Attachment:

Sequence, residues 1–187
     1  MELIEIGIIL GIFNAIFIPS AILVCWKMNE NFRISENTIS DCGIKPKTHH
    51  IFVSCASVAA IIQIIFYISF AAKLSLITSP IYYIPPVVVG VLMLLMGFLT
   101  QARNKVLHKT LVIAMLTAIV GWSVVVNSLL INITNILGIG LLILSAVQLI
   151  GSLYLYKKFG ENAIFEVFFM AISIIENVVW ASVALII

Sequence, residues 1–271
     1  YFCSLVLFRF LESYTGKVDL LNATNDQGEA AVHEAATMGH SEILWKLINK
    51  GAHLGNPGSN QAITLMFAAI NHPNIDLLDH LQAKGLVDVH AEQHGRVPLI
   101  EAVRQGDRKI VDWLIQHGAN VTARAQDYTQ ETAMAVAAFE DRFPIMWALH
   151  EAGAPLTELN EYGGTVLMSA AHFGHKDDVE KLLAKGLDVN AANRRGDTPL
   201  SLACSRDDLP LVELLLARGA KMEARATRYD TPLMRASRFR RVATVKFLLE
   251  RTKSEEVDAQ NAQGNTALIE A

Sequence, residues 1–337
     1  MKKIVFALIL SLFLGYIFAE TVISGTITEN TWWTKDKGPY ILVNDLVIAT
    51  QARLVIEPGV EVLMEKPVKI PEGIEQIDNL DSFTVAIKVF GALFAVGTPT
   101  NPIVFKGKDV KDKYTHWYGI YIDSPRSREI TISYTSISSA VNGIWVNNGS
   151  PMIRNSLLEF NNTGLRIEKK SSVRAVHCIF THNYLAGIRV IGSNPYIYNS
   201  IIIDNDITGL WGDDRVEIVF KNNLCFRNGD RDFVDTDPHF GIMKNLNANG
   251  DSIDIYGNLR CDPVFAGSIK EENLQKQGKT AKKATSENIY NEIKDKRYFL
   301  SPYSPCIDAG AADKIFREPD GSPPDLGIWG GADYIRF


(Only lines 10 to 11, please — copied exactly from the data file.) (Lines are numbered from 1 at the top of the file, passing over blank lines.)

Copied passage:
   151  EAGAPLTELN EYGGTVLMSA AHFGHKDDVE KLLAKGLDVN AANRRGDTPL
   201  SLACSRDDLP LVELLLARGA KMEARATRYD TPLMRASRFR RVATVKFLLE